IPCC Fourth Assessment Report: Climate Change 2007
Climate Change 2007: Working Group III: Mitigation of Climate Change

8.10 Long-term outlook

Trends in GHG emissions in the agricultural sector depend mainly on the level and rate of socio-economic development, human population growth, and diet, application of adequate technologies, climate and non-climate policies, and future climate change. Consequently, mitigation potentials in the agricultural sector are uncertain, making a consensus difficult to achieve and hindering policy making. However, agriculture is a significant contributor to GHG emissions (Section 8.2). Mitigation is unlikely to occur without action, and higher emissions are projected in the future if current trends are left unconstrained. According to current projections, the global population will reach 9 billion by 2050, an increase of about 50% over current levels (Lutz et al., 2001; Cohen, 2003). Because of these increases and changing consumption patterns, some analyses estimate that the production of cereals will need to roughly double in coming decades (Tilman et al., 2001; Roy et al., 2002; Green et al., 2005). Achieving these increases in food production may require more use of N fertilizer, leading to possible increases in N2O emissions, unless more efficient fertilization techniques and products can be found (Galloway, 2003; Mosier, 2002). Greater demands for food could also increase CH4 emissions from enteric fermentation if livestock numbers increase in response to demands for meat and other livestock products. As projected by the IMAGE 2.2 model, CO2, CH4, and N2O emissions associated with land use vary greatly between scenarios (Strengers et al., 2004), depending on trends towards globalization or regionalization, and on the emphasis placed on material wealth relative to sustainability and equity.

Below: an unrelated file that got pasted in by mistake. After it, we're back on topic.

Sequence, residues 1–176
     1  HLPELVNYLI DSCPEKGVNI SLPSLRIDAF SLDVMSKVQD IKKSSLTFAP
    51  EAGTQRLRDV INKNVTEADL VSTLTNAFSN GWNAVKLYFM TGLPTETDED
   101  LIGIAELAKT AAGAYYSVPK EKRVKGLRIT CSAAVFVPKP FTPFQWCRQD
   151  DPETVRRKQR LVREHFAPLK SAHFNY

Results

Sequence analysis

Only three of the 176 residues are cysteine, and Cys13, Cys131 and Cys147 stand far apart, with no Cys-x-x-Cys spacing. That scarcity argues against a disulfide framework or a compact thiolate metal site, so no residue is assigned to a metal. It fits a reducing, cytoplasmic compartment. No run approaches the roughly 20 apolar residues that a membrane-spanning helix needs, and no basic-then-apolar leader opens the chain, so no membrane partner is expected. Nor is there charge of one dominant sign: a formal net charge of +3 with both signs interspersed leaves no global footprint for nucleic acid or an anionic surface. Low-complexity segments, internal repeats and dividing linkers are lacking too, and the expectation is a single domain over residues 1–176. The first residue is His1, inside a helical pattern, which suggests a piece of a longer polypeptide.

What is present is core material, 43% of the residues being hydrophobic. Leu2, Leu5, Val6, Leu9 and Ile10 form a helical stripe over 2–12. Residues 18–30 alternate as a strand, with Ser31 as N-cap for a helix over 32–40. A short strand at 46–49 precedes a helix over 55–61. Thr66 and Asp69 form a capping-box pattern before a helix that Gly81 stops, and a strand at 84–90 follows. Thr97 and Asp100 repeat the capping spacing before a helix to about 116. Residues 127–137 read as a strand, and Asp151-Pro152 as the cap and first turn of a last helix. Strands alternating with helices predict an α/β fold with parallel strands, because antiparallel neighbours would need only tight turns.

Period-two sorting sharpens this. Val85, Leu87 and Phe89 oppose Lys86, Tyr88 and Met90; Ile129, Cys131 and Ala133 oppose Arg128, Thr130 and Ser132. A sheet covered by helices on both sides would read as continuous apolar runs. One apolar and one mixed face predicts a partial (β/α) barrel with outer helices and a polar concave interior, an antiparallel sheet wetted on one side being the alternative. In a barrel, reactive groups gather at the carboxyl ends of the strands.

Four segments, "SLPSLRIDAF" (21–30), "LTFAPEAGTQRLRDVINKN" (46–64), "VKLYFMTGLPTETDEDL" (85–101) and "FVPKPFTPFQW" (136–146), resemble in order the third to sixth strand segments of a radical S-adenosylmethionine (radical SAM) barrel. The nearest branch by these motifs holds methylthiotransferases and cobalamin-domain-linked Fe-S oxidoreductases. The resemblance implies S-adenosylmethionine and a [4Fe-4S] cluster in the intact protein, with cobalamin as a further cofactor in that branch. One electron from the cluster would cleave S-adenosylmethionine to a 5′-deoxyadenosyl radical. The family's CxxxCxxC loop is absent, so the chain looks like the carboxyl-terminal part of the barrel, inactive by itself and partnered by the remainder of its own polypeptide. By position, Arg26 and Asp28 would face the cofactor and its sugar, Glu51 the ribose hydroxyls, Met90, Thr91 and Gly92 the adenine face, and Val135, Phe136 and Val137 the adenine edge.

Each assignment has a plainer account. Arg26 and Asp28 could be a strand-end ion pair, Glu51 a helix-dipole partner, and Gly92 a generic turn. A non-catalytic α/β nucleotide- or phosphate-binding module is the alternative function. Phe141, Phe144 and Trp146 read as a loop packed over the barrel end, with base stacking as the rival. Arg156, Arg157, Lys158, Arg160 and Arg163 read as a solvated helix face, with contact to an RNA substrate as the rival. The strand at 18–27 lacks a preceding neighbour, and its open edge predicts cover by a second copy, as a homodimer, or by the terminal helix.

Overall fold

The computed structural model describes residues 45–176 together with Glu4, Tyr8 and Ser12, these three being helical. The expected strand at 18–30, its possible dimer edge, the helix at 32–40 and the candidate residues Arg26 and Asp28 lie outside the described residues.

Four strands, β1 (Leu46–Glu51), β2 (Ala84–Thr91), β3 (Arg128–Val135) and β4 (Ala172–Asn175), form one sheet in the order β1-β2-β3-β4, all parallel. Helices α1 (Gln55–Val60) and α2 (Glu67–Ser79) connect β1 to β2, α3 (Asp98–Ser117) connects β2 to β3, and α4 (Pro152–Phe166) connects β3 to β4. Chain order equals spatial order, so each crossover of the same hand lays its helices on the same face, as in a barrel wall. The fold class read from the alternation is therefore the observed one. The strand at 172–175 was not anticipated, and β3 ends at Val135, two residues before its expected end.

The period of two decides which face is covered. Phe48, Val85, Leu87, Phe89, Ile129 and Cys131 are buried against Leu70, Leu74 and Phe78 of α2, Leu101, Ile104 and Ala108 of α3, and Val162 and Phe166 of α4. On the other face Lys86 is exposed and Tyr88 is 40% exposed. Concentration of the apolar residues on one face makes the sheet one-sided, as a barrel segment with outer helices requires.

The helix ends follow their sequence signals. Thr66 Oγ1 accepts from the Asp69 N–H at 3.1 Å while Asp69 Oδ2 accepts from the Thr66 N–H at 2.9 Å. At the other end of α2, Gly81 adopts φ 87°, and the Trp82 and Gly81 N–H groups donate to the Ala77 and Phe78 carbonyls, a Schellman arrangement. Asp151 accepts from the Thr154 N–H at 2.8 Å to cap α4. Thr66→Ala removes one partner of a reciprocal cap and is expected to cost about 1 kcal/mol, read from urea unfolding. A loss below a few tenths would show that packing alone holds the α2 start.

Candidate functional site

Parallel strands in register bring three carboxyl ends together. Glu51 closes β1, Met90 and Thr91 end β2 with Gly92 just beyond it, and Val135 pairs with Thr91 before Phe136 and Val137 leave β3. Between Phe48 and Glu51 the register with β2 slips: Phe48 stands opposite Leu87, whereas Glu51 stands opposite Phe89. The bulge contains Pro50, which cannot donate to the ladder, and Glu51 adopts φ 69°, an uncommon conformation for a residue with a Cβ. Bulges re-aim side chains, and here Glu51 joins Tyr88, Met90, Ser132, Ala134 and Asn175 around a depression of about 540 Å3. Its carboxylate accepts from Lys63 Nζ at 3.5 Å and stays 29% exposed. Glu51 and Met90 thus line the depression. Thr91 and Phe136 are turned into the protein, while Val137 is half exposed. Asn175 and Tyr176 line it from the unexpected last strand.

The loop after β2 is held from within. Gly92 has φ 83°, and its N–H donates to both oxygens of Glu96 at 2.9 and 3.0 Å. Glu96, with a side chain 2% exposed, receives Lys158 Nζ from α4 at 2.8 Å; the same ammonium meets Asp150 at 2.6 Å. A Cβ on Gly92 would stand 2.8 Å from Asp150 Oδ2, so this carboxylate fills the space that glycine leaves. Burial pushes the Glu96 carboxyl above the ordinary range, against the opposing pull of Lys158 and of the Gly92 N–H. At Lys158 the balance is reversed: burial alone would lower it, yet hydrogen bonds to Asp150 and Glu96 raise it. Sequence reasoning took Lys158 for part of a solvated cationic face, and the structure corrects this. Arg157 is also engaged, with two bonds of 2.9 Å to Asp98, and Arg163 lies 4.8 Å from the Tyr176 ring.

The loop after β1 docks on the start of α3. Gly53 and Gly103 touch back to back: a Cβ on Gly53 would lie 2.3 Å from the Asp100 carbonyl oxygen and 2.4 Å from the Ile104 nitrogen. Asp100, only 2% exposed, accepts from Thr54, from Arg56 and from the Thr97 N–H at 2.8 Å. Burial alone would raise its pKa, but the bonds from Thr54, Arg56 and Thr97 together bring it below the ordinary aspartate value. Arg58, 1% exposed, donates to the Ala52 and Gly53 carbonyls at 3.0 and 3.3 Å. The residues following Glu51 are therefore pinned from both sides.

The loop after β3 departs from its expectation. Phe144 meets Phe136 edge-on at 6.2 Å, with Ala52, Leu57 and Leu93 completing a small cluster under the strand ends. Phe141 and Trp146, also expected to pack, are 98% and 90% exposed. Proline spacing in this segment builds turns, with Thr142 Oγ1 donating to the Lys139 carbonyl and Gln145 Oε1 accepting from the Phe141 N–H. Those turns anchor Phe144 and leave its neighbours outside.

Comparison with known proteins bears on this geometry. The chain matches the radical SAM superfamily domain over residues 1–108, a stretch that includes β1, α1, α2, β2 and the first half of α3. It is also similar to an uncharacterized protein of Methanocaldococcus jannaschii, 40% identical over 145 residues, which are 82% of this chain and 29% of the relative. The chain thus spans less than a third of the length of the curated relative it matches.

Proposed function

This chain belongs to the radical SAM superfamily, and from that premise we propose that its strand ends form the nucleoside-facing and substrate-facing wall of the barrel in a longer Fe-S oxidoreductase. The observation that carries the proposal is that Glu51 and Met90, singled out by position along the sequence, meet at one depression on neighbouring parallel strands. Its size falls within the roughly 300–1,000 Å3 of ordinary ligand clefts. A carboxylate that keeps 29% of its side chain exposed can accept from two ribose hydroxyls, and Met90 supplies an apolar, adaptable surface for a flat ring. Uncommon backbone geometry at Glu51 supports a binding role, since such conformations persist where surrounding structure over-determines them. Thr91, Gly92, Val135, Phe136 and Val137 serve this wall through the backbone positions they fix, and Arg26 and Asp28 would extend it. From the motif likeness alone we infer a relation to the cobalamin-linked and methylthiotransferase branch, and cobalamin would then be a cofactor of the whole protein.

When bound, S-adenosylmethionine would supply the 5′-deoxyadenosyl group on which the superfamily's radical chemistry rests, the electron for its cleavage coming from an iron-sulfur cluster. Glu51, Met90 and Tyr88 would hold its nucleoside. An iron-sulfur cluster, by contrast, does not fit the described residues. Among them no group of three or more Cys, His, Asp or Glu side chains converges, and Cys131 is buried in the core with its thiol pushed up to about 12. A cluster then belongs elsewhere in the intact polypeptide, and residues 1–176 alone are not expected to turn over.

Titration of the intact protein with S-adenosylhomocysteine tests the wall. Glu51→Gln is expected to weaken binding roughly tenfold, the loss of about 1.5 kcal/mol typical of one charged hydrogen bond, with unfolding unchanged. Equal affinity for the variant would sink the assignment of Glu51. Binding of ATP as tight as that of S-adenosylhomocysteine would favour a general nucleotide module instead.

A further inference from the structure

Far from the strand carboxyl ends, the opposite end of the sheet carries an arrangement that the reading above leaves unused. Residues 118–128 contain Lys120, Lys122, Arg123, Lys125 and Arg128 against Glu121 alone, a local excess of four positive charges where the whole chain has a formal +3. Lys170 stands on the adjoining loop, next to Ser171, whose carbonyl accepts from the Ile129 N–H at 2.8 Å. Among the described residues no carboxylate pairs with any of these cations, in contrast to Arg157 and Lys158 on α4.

Some countries are moving forward with climate and non-climate policies, particularly those linked with sustainable development and improving environmental quality as described in Sections 8.6 and 8.7. These policies will likely have direct or synergistic effects on GHG emissions and provide a way forward for mitigation in the agricultural sector. Moreover, global sharing of innovative technologies for efficient use of land resources and agricultural inputs, in an effort to eliminate poverty and malnutrition, will also enhance the likelihood of significant mitigation from the agricultural sector.

Mitigation of GHG emissions associated with various agricultural activities and soil carbon sequestration could be achieved through best management practices, many of which are currently available for implementation. Best management practices are not only essential for mitigating GHG emissions, but also for other facets of environmental protection such as air and water quality management. Uncertainties do exist, but they can be reduced through finer scale assessments of best management practices within countries, evaluating not only the GHG mitigation potential but also the influences of mitigation options on socio-economic conditions and other environmental impacts.

The long-term outlook for development of mitigation practices for livestock systems is encouraging. Continuous improvements in animal breeds are likely, and these will improve the GHG emissions per kg of animal product. Enhanced production efficiency due to structural change or better application of existing technologies is also generally associated with reduced emissions, and there is a trend towards increased efficiency in both developed and developing countries. New technologies may emerge to reduce emissions from livestock such as probiotics, a methane vaccine or methane inhibitors. However, increased world demand for animal products may mean that while emissions per kg of product decline, total emissions may increase.